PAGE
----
UKEMI-The Parkour Card Game

On July 18th 2018, the first parkour card game was set in motion, sparking an interest from many Traceurs. Their indiegogo campaign is ending today, so if you have the chance go and fund them.

We messaged David Banks, one of the founders to find out what it was all about.

What is it all about?

Ukemi, is a card game for all levels of parkour. The design of the card has an illustration of a movement or technique along with the name of the said technique. This makes it easy for all practitioners to understand. On the back of each card, there is a coloured U (Which stands for Ukemi). It is colour coded so depending on the colour of the U on the back which will allow you to set different types of objectives.

“We wanted to create a training game for the parkour community that could be scaled for any level of practitioner. Our goal was to create something that contributed greater value to the community than a t-shirt and something a bit different from a video-log or showreel.

The community was already really saturated with these things and there are already people doing that really well. Because of that, we wanted to create something different.”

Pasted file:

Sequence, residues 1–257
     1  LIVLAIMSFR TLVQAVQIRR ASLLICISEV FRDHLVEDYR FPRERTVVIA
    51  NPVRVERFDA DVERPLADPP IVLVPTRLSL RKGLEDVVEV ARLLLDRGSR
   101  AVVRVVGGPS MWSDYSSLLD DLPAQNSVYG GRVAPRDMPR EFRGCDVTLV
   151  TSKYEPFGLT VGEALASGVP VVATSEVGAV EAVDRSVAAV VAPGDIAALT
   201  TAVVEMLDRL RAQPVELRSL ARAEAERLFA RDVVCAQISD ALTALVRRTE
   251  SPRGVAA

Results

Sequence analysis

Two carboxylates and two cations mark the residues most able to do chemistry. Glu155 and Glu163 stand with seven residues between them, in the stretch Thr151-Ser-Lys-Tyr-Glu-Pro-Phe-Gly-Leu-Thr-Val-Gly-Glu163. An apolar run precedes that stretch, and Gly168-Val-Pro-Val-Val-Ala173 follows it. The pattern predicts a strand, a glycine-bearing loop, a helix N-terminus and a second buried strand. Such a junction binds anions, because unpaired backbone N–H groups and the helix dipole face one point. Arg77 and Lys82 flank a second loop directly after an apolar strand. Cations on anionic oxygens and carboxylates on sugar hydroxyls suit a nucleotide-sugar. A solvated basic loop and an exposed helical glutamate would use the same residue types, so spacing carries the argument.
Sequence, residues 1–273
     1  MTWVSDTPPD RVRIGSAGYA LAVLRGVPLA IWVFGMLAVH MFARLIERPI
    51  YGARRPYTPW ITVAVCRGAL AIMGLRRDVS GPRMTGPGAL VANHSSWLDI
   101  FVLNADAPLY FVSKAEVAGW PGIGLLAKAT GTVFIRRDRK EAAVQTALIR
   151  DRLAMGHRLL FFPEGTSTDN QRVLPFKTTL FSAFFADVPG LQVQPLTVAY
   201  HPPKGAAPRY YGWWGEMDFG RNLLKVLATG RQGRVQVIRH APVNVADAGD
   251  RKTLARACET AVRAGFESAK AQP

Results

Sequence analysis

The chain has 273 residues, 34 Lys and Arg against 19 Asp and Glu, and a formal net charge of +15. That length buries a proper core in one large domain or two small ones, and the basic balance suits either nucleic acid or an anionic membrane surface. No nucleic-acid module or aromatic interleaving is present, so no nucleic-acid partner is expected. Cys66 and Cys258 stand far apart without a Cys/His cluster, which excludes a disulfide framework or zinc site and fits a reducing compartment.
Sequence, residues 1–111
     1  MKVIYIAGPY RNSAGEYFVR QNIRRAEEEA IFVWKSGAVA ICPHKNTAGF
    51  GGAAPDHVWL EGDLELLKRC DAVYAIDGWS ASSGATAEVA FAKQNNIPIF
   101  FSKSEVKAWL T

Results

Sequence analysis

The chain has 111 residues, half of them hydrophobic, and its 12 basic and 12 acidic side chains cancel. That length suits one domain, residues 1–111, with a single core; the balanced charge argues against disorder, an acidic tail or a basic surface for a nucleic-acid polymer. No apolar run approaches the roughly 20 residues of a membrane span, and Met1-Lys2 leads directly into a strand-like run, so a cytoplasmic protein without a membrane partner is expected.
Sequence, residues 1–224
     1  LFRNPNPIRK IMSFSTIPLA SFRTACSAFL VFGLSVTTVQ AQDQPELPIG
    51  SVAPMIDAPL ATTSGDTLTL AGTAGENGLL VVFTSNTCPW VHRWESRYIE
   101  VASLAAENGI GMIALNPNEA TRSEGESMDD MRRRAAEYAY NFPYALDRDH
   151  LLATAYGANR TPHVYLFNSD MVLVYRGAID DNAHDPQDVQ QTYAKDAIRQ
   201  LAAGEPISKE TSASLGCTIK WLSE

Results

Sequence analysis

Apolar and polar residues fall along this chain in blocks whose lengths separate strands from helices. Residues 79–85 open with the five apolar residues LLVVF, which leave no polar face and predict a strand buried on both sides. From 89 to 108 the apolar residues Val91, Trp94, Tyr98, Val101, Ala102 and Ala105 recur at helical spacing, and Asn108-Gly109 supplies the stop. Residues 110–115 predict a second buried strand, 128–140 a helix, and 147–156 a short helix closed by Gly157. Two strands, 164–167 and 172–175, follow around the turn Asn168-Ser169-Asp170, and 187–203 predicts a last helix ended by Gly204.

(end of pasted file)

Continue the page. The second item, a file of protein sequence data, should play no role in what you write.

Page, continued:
The game is good for warm-ups, exploring new spots and as a teaching resource for classes/workshops and open sessions. It can also be an excellent tool for generating choreography and a fun way of introducing young people to create things.

The Ukemi card game definitely covers new territory, in the way that it is the first of its kind.

“We really want to focus on covering new ground with everything we recreate. Keeps it fresh for us and the community.”

The Game:

Main Style: The goal is to get to a set number of points. You achieve points by drawing a combination of cards and successfully replicating the line or movement produced. The more cards you pick the more points you get.

There are lots of ways to play but this method can take anywhere between 5 – 20 minutes depending on how many people are playing and the difficulty of cards you are using in relation to your skill level.
Each player gets the choice of three types of cards and can scale the game by removing or adding certain cards;
Movement (40 cards) – Choose between techniques taken from parkour, tricking and gymnastics.
Condition (30 cards) – Add variance with rotations, combo’s, targeted objects and movement qualities.
Wild Card (30 cards) – Put your route on hard mode with a Wild Card. This is not for the faint of heart and you can end up in a tree, wearing your friends’ shoes or blindfolded.
Blanks (15) – Each deck comes with 5 blank cards for each card type. This puts you in charge and lets you add your own cards to the game.

Who’s involved in the creation and when it started:

The game was first conceptualised by Sam McFarlane- It was then tried and tested in his classes as well as with the Glasgow Parkour community.